This week the team had a “firebreak”, a week of doing whatever you want so long as it’s useful. I spent the time improving healthchecks for GOV.UK’s apps.
The way our healthchecks used to work had a few problems:
Our healthchecks always returned a 200 status code, and communicated the details (which could be something like
status: critical) in the response body. So software which expects the status code to be meaningful—like an AWS load balancer—assumes our apps are healthy even when they’re not.
Because our monitoring system is powered by ancient versions of Graphite and Icinga (and configured with an ancient version of Puppet), adding new alerts “properly” is difficult, so lots of apps co-opt their healthcheck to check other things as well. Like whether the database has any soon-to-expire API tokens: this is something which needs monitoring, but it’s not a healthcheck.
Every app had a single
/healthcheckendpoint, rather than follow the current industry good practice of having separate liveness and readiness healthchecks.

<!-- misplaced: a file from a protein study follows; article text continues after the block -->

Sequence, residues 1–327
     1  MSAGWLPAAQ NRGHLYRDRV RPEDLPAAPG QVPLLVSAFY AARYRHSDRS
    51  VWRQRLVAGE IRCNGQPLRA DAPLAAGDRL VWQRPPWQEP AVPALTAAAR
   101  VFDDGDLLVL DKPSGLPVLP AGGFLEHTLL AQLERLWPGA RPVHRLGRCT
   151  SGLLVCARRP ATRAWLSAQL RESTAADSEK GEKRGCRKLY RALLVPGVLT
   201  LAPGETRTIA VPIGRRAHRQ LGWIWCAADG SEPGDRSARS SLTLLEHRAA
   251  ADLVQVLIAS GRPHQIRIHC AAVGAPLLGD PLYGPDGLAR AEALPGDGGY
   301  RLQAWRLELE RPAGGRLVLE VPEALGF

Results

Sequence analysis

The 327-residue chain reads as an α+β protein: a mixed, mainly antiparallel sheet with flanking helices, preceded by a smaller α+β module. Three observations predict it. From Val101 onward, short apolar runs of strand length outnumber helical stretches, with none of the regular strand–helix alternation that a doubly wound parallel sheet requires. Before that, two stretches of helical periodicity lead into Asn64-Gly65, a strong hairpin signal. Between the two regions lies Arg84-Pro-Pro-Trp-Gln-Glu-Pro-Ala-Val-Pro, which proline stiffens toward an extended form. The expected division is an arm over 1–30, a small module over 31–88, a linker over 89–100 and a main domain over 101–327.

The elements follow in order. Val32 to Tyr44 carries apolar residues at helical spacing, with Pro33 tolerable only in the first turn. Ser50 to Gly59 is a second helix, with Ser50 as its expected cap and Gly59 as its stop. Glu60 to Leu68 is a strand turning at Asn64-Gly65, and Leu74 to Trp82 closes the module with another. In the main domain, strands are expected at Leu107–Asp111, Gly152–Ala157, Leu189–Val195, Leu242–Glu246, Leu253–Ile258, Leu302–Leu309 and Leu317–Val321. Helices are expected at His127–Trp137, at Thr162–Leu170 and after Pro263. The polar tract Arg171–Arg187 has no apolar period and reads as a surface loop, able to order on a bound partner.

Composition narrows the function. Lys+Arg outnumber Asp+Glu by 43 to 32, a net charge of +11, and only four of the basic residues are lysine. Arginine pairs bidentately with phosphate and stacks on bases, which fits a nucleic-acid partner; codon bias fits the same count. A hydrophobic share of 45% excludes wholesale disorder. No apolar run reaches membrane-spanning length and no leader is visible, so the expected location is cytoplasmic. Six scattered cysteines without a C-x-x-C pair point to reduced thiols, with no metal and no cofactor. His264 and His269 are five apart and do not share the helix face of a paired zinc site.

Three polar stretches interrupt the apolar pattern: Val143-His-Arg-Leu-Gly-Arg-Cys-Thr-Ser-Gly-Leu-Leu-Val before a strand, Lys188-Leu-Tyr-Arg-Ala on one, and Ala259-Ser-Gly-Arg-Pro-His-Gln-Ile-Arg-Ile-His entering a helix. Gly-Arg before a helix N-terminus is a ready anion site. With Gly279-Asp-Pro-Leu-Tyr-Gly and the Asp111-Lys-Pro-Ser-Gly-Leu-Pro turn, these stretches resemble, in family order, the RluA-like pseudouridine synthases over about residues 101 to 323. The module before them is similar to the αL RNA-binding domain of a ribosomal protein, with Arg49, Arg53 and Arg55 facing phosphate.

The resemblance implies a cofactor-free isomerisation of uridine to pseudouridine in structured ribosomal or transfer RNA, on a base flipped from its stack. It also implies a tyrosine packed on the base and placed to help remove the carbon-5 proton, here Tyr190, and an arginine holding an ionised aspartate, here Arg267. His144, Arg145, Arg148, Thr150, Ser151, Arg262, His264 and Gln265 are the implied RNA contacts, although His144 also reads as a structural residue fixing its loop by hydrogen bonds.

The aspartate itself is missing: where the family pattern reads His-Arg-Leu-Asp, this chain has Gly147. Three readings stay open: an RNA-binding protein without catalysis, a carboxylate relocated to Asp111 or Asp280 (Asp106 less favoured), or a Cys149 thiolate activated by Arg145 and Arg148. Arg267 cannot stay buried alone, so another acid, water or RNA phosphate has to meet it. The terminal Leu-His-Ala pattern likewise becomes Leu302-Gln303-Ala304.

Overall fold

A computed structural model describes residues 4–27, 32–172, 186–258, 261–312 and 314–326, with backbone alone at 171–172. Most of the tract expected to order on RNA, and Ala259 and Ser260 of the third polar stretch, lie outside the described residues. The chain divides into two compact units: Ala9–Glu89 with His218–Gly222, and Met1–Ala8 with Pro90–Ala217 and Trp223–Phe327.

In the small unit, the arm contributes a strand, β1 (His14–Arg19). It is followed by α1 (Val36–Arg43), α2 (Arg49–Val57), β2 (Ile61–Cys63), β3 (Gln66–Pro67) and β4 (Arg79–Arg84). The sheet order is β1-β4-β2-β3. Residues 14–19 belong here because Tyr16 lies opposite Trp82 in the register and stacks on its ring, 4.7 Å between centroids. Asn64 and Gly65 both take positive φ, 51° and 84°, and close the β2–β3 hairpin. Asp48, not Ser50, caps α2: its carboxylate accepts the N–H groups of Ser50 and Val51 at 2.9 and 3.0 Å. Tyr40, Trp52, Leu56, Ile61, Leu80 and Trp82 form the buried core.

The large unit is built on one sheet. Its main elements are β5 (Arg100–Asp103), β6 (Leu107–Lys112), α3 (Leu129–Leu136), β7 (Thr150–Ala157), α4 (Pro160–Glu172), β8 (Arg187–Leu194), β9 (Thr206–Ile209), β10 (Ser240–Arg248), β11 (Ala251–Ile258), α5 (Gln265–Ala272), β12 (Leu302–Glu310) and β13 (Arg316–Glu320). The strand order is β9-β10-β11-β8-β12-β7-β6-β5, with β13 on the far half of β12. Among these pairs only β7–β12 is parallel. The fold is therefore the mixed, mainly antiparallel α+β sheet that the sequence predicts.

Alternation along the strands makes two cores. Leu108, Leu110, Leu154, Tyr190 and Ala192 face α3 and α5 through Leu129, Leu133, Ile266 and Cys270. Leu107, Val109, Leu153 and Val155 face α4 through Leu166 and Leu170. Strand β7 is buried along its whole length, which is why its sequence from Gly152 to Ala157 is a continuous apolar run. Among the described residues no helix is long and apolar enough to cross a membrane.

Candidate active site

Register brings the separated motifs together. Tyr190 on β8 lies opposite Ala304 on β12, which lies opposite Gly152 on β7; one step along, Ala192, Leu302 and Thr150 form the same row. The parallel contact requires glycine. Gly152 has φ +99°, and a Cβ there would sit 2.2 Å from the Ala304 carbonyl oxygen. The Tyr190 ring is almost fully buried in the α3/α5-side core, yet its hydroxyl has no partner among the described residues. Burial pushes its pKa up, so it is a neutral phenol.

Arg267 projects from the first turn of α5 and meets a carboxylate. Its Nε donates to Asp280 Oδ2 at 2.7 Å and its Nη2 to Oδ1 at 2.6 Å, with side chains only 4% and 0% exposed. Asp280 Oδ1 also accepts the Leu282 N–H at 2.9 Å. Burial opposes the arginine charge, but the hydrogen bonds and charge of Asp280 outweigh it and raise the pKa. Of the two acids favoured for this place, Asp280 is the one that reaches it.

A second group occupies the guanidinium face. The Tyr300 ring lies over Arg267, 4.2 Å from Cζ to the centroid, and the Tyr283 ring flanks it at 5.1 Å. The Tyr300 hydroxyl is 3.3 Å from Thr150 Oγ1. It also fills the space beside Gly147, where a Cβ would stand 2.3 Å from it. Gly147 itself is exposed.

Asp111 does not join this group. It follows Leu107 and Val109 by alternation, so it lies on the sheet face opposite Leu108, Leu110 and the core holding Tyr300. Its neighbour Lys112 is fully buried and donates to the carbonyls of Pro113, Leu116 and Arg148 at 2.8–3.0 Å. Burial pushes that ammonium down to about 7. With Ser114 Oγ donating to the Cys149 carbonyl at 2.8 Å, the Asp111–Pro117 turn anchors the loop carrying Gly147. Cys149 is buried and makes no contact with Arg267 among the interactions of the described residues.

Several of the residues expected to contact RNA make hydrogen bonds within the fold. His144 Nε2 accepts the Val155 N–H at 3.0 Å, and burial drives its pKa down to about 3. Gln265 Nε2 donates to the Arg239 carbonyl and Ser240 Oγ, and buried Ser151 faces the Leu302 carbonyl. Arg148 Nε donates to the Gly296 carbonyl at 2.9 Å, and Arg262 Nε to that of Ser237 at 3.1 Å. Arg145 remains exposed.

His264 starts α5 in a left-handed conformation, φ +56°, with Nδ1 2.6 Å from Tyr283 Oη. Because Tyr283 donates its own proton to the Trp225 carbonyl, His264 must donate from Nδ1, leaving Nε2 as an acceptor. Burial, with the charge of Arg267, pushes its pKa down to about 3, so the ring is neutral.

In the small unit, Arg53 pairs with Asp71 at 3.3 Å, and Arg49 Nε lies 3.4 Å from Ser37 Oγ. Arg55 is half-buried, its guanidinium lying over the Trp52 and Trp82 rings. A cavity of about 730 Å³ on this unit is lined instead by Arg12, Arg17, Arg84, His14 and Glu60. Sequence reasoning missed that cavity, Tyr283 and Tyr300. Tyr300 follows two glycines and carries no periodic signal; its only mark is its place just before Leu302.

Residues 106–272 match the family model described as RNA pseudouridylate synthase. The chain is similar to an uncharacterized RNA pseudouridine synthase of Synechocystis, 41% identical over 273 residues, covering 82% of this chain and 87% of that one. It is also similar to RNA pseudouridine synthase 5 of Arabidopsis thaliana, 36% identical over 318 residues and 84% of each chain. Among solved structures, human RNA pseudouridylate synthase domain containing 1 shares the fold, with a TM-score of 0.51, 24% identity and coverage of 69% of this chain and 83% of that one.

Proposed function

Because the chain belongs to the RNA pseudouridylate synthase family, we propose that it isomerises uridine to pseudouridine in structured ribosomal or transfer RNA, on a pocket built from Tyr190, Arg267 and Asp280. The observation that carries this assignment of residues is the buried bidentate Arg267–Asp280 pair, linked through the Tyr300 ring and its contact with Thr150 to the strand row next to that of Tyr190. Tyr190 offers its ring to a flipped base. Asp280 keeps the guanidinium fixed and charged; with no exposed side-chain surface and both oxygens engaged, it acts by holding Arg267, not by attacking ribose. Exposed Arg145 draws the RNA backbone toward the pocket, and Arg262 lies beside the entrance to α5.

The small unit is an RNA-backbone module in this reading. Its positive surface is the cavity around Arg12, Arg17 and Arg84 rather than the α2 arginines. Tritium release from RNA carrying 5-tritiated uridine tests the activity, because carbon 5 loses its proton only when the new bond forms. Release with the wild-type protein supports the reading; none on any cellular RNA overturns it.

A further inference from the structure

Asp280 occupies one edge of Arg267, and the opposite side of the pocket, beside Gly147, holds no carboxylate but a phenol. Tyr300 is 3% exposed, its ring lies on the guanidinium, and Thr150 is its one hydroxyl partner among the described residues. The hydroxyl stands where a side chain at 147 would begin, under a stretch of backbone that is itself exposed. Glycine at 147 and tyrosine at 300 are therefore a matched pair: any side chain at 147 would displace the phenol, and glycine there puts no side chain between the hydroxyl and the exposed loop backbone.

So I worked through our ~50 apps, implementing separate liveness and readiness healthchecks, and implementing new alerts for those not-healthchecks which had proliferated. I still need to deploy the monitoring configuration change, and then the AWS load balancer configuration change. I hope to get that done on Monday morning, then I can go through all the apps again and delete the old
While it wasn’t a very exciting piece of work (opening 50 almost identical PRs doesn’t stretch the creative muscles much), it was satisfying to work through, and to put GOV.UK in a slightly better place. Now, if only our monitoring system wasn’t so old…
This week I read:
There’s a lot of great stuff in these books. I think I preferred the Workbook, as it’s a bit more practical and has lots of non-Google examples. I’m definitely going to try to apply some of these ideas at work, where our processes can be… not so great.
- Why it’s worth it to invest in internal docs
- Kubernetes and the Erlang VM: orchestration on the large and the small
- Testing in Production, the safe way